During April–May 2006, a salvage excavation was conducted in Moshav ‘Aminadav (Permit No. A-4782*; map ref. NIG 213253/628665; OIG 163253/128665). The excavation, carried out on behalf of the Antiquities Authority and sponsored by the moshav, was directed by I. Milevski, with the assistance of R. Abu Halaf (administration), A. Hajian, T. Kornfeld and V. Essman (surveying and drafting), N. Zak (preparation of plans), A. De Groot (pottery), C. Hersch (drawing of finds), G. Solimany, A. Nagorsky and H. Stark (Jerusalem Region).
Tumulus 8 was excavated on a hilltop overlooking Nah
al Refa’im (Fig. 1). The tumulus (30 × 22 × 2.5 m), which was identified by Albright (BASOR
10:1–3) and Amiran (IEJ
8:205–227, No. 8), was damaged on its northwestern side. Tumulus 2 was excavated by Albright; Tumuli 5 and 6 were excavated by Amiran; and Tumulus 4, in ‘Ir Gannim, by G. Barkay, R. Greenberg and G. Cinamon (Tel Aviv
33:229–243); O. Sion (HA/ESI 120
) exposed quarries c. 50 m southwest of Tumulus 8.
In Tumulus 8, two and a half squares (I–III; 4 x 12 m; depth 2.5 m; Figs. 2–4) were excavated to the chalk bedrock, which is covered with a layer of nari. Three phases were discovered in the excavation. Phase C (the earliest) was a terra rossa fill covering bedrock into which cupmarks and traces of quarrying were hewn (Loci 7, 10, 14). The pottery vessels from these loci dated to Iron II. Phase B, the main phase, is the phase associated with the fill of the tumulus, which consisted mostly of various sized quarried undressed stones and a small amount of orange-brown soil (Loci 4, 12, 13). Some of the fill eroded downslope (Loci 6, 11). The shape of the stones and absence of patina indicate that they were probably quarried in the vicinity of the tumulus. Most of the pottery vessels that were found in the fill also date to Iron II. The latest phase, Phase A, consisted of the surface level that was disturbed by a number of trees whose roots penetrated into the tumulus, and by modern debris that was discarded on the tumulus (Loci 1–3) in recent decades.
The Iron II potsherds included bowls with rounded rims treated in the red-slipped and burnished tradition. Bowl shapes included rounded bowls (Fig. 5:1, 2), carinated bowls (Fig. 5:3–5) and straight bowls (Fig. 5:6), most of which have a ring base (Fig. 5:8, 9). Also found were kraters with rims and bases that are similar to the bowls (Fig. 5:7, 10–12), some of which were treated with a light color slip. The storage jar sherds are conspicuous; some of them are bag-shaped with ridged handles (Fig. 6:1) and low thickened rims (Fig. 6:3). A handle that is reminiscent of a lmlk storage jar handle (Fig. 6:4) and a body fragment with a potter’s mark (Fig. 6:2) were found. In addition, holemouth jars with barrel-shaped body (Fig. 6:5, 6) and jugs with a handle attached from the rim to the shoulder and a ring base (Fig. 6:7–10) were also identified.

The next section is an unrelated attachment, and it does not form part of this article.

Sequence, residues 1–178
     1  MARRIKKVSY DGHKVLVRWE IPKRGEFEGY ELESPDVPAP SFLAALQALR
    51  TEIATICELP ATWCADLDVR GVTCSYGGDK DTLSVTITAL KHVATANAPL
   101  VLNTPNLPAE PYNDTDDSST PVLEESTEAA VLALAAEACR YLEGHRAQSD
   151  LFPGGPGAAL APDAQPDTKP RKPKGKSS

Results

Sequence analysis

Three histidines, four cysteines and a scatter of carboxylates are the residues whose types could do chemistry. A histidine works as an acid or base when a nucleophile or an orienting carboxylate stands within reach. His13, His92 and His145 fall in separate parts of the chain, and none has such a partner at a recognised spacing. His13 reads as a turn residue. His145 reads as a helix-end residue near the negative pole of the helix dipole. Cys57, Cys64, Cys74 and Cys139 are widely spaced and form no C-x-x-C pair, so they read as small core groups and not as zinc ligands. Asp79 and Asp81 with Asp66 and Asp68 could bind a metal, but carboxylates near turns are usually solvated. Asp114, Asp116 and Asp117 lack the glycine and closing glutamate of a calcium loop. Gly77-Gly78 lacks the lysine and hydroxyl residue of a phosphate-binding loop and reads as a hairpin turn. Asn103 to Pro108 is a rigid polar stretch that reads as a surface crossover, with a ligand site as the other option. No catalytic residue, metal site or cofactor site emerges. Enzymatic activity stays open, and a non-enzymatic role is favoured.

Most of the vessel types have parallels from sites in Judah and the southern Shephelah. Similar bowls, kraters and jars appeared in Tumuli 5 and 6 and some of these vessels were found in excavations that were conducted around Tumulus 4. The pottery assemblage from Tumulus 8 resembles that from Lakhish Stratum III and, like it, dates to the eighth century BCE.
Tumulus 8 belongs to a group of small tumuli (Nos. 7–11) that were found inside Moshav ‘Aminadav and its environs, unlike the larger groups of tumuli (Nos. 2–6) that were found in the Giv‘at Massu’a and ‘Ir Gannim neighborhoods in which building remains were discerned. Albright, Amiran and Barkay proposed connecting the tumuli to cultic activity and even burials. Nevertheless, it should be noted that all of the tumuli that were excavated and surveyed, including Tumulus 8, were erected in an agricultural region, close to agricultural installations and there is no evidence for burial or cultic practices. Tumulus 8 was built next to a quarry, and it seems that the available quarrying debris was used in its construction. All of the tumuli look out over Nahal Refa¹im and its environs and they constitute landmarks that are visible from afar. According to Greenberg and Cinamon the tumuli in general, and Tumulus 8 in particular, were probably connected to some sort of agricultural activity, or they may possibly have been a means of overseeing or marking areas of agricultural control.